They happen all the time.

They happen all the time.

The bookstore is closed. This start is from the philodendron that used to be in the children’s section. The original is in my office, but I couldn’t let this tiny cutting get away.

I also have Shirley the penguin, the rubber plant that was in the children’s section as well, Clara the vulture, plenty of books, and over a decade of wonderful memories from the store. And yes, it’s closed, but my writing partner will have more time to, well, write.

Plenty of beginnings are built on scorched earth. I’m hoping this one takes root.

Release Day: KIN!


It’s release day for Kin, the final fairytale retelling in my Beauty & Madness series!

Full moon. Glowing eyes. Red lips. And such sharp, sharp teeth…

In the kin world, girls Ruby de Varre’s age are expected to play nice, get betrothed, and start a family—especially if they’re rootkin, and the fate of the clan is riding on them. But after a childhood of running wild in the woods, it’s hard to turn completely around and be demure. Even if your Gran is expecting it.

Then Conrad, handsome and charming, from a clan across the Waste, comes to New Haven to seal alliance between their two families. The sparks fly immediately. Conrad is smart, dominant, and downright gorgeous. Yet as Ruby gets to know him more, she starts to realize something’s…off.

Then, the murders start. A killer stalks the city streets, and just when Ruby starts to suspect the unimaginable, she becomes the next target. Now Ruby’s about to find out that Conrad’s secrets go deeper than she ever could have guessed—and it’s up to Ruby to save her Gran, her clan, and maybe even herself….

Ruby’s story was so, so difficult to write. I didn’t want to say goodbye to the girls. All three hold a component of the young woman I was, perhaps, and it’s difficult to let that go. Not to mention these books, like the original fairy tales, cover some very dark territory indeed. I leave it to the reader to decide if they serve.

I would be remiss if I didn’t add that Ruby owes a great deal to Sarah Dessen’s Dreamland, a book that told me I wasn’t the only one long, long ago. Ruby also serves as a reminder to me that even the people who seem the most “together” have secrets, flaws, and fears all their own.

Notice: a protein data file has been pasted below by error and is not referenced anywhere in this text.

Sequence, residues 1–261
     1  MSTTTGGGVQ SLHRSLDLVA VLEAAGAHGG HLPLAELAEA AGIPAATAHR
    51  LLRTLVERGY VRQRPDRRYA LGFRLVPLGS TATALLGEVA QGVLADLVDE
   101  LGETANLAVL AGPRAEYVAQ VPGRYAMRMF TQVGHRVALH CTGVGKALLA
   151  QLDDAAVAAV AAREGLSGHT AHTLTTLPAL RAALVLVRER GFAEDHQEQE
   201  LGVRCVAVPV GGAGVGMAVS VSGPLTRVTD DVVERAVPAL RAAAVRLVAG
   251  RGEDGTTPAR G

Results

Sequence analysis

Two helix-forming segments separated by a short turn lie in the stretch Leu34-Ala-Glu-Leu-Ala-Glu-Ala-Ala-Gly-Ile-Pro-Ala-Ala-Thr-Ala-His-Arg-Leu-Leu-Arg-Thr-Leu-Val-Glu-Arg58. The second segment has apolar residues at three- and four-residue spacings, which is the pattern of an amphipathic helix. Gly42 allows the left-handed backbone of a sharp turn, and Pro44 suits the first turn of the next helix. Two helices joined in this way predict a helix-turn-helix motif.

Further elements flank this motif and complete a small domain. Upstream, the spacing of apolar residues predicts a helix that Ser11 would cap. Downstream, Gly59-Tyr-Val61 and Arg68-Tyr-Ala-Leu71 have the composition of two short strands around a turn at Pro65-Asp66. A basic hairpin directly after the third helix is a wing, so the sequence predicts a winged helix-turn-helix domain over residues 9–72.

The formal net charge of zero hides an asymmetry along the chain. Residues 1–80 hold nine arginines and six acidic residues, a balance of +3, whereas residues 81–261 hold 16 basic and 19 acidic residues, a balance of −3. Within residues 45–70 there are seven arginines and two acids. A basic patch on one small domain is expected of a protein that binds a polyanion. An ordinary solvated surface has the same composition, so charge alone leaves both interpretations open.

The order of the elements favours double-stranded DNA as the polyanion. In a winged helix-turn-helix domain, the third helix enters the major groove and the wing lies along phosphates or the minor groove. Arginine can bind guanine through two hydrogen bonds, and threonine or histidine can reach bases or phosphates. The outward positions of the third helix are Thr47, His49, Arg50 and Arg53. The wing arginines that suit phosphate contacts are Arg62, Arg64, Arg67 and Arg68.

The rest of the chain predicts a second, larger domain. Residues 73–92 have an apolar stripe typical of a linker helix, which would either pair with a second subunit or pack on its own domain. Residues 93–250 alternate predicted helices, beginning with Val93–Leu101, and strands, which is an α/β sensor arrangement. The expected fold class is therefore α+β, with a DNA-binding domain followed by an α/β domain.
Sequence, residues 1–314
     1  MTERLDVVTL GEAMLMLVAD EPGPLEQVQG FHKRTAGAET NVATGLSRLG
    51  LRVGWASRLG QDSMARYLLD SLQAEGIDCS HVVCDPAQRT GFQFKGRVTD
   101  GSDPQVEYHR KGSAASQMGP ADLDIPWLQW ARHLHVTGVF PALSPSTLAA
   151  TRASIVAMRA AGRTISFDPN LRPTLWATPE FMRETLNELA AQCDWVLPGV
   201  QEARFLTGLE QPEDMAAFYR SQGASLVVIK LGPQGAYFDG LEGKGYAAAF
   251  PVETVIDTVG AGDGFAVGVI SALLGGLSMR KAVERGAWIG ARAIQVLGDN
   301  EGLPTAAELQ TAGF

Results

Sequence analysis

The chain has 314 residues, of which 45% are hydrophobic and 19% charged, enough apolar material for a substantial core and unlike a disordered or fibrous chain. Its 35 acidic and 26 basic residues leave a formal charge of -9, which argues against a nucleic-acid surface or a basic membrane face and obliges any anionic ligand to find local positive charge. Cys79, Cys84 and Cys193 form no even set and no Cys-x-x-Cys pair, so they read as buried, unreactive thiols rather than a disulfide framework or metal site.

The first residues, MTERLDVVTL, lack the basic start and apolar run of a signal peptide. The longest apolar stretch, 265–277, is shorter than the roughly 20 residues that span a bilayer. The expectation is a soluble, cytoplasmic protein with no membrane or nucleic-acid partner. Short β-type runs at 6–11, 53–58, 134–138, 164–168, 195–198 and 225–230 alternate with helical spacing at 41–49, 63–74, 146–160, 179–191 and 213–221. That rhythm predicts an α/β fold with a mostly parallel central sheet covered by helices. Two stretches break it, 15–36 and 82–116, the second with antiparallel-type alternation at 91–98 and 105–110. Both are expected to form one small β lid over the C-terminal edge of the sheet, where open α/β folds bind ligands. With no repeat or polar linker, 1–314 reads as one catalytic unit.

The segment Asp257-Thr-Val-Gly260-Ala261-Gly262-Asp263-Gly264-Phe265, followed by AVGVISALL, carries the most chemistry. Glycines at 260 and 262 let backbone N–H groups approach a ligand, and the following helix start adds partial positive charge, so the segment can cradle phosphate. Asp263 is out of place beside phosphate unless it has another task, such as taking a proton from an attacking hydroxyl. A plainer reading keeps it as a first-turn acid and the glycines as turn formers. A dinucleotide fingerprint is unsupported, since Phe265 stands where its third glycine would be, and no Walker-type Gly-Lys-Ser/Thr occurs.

Above all, Ruby (and Cami and Ellie) belong to the world at this point. I’m so glad their interconnected tales can all be seen at once, now. And if you’ll excuse me, I’m going to spend the rest of release day in my usual state of nerves and adrenaline, with a heavy soupçon of hiding in the corner…

Real Commitment

swac Issue 21 of Fireside is out, which means more Geoff and Abby! True to form, Abby’s decided the most efficient way to get what she wants, and in this case, that means getting into a bar-brawl.

Do I even need to say how much I really like this character? Once she makes up her mind, she is ALL IN, no matter the craziness. I respect that, both in characters and in meatspace. It shows real commitment.

kin Also, tomorrow is the release day for KIN, my retelling of Little Red Riding Hood. Preorders and first-week book orders are important, so I’m going to be hitting the marketing gong for a little bit.

This is the last YA book I’ll be releasing for a good long while, possibly ever. Publishing in YA for Strange Angels was a wonderful experience, but there was a certain friction between the publisher, I think, wanting something a little more “marketable” and me in my corner, just not that sort of writer. The issues became somewhat acute during the fairytale retellings. I do not write by committee and will resist, in any way possible, any suggestion meant to take the blood and guts out of a story because “kids can’t handle that!” I refuse to “talk down” to younger readers, and while I think the fan response justifies that, it’s nerve-wracking for a publisher. I perhaps wasn’t as graceful as I could be during the whole process, either. During Wayfarer, the Cinderella retelling, I was buying a house, and we all remember how stressful THAT was.